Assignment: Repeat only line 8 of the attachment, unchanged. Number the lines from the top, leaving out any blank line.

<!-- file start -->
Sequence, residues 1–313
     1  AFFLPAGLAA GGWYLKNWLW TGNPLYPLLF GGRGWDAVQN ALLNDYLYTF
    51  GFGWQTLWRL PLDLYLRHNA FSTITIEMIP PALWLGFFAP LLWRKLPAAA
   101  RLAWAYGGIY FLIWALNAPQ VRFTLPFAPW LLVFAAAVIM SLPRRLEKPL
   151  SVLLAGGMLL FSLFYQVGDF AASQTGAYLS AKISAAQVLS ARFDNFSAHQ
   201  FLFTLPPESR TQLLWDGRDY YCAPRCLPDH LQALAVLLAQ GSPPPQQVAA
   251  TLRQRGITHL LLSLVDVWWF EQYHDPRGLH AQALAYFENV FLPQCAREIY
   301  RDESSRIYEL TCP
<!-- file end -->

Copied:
   301  RDESSRIYEL TCP